If I understand you correctly, you are saying that our phasor representations, where A phase is drawn at 0, B at 120 and C at 240 ..... with a ccw rotation actually should represent lagging currents as lagging ccw?

<light bulb slowly illuminating>

8. Originally Posted by basicbill
thanks Smart.
If I understand you correctly, you are saying that our phasor representations, where A phase is drawn at 0, B at 120 and C at 240 ..... with a ccw rotation actually should represent lagging currents as lagging ccw?

<light bulb slowly illuminating>
Yes.

In the positive phase angle domain, voltage phasors initially A@0°, B@120°, and C@240° would rotate CW. That is, each phasor would rotate about its tail point in the CW direction as time elapses. At t=1/3 cycle, voltage phasor A would be at -120°, voltage phasor B would be at 0°, and voltage phasor C at +120°. For a lagging current, the phase angle would be to the CCW side of the voltage angle.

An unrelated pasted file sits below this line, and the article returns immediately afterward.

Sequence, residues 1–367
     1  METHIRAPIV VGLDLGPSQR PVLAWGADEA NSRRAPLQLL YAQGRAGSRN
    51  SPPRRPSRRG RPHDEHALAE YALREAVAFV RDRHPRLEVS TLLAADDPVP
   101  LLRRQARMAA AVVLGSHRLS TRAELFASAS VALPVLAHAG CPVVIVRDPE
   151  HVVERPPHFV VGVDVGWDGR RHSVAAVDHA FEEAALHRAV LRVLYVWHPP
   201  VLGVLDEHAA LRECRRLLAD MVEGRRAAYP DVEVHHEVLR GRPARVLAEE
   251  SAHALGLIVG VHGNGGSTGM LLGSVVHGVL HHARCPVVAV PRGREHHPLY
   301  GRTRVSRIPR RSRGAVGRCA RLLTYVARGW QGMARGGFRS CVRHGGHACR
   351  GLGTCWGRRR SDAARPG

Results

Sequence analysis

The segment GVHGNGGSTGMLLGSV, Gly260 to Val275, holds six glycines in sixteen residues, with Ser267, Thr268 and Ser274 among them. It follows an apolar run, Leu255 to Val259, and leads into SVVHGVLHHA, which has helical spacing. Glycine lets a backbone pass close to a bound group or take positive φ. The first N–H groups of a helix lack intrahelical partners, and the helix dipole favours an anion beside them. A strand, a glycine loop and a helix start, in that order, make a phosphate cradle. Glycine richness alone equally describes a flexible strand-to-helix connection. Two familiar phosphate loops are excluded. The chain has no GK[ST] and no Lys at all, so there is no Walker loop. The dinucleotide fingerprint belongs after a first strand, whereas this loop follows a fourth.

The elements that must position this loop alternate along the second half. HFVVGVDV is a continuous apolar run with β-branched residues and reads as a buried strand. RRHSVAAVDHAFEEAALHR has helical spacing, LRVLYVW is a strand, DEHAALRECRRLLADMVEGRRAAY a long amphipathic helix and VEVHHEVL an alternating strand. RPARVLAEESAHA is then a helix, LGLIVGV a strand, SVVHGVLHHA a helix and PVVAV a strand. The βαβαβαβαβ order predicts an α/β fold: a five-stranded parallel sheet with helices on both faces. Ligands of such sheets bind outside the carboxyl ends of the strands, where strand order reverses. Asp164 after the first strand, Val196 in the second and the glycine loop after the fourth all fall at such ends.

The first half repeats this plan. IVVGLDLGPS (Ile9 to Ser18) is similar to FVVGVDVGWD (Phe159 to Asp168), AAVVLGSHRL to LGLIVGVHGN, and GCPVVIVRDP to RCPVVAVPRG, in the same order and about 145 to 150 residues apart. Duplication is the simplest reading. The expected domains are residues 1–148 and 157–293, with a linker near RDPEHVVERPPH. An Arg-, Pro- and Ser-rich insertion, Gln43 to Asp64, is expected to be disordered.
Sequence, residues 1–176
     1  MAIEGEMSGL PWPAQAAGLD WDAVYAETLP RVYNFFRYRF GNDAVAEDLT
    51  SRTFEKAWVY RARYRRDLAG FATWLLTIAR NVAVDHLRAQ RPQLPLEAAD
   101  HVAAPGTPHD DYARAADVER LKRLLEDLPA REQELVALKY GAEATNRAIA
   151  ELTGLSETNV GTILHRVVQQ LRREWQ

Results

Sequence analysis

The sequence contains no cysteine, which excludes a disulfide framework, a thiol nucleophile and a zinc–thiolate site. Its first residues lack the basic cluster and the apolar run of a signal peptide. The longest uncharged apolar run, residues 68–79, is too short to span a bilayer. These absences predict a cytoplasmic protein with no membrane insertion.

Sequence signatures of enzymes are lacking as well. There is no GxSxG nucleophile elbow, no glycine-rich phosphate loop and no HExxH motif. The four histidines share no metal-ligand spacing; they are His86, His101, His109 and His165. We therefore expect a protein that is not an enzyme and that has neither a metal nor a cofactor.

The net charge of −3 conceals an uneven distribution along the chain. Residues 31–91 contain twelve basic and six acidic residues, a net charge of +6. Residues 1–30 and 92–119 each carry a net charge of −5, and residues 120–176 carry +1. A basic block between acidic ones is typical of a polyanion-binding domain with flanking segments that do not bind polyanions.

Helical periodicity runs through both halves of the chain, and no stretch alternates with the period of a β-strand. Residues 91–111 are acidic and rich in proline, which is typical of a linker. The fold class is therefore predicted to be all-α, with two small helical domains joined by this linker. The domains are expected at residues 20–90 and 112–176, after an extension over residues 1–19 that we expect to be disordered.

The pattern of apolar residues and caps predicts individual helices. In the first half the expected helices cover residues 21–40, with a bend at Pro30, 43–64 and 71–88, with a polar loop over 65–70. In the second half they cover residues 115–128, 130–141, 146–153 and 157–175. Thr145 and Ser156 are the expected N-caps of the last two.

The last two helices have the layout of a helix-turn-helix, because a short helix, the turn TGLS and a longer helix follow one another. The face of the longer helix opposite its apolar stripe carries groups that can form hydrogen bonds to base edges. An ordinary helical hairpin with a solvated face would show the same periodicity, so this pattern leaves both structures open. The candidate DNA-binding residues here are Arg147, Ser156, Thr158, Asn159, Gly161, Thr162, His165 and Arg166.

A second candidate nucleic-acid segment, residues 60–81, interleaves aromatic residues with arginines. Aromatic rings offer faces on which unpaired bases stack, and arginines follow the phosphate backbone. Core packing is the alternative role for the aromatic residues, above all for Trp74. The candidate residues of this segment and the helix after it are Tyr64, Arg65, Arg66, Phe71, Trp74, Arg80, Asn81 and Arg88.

If you prefer everything to be in the negative domain, the calculator shouldn't be to hard to change. If you need my help, just "holler"... :grin:

9. Senior Member
Join Date
Nov 2004
Posts
3,172

## Wait a minute:

Originally Posted by basicbill
thanks Smart.
If I understand you correctly, you are saying that our phasor representations, where A phase is drawn at 0, B at 120 and C at 240 ..... with a ccw rotation actually should represent lagging currents as lagging ccw?

<light bulb slowly illuminating>
Smart must be left handed. I cannot see that phase sequence has anything to do with power factor.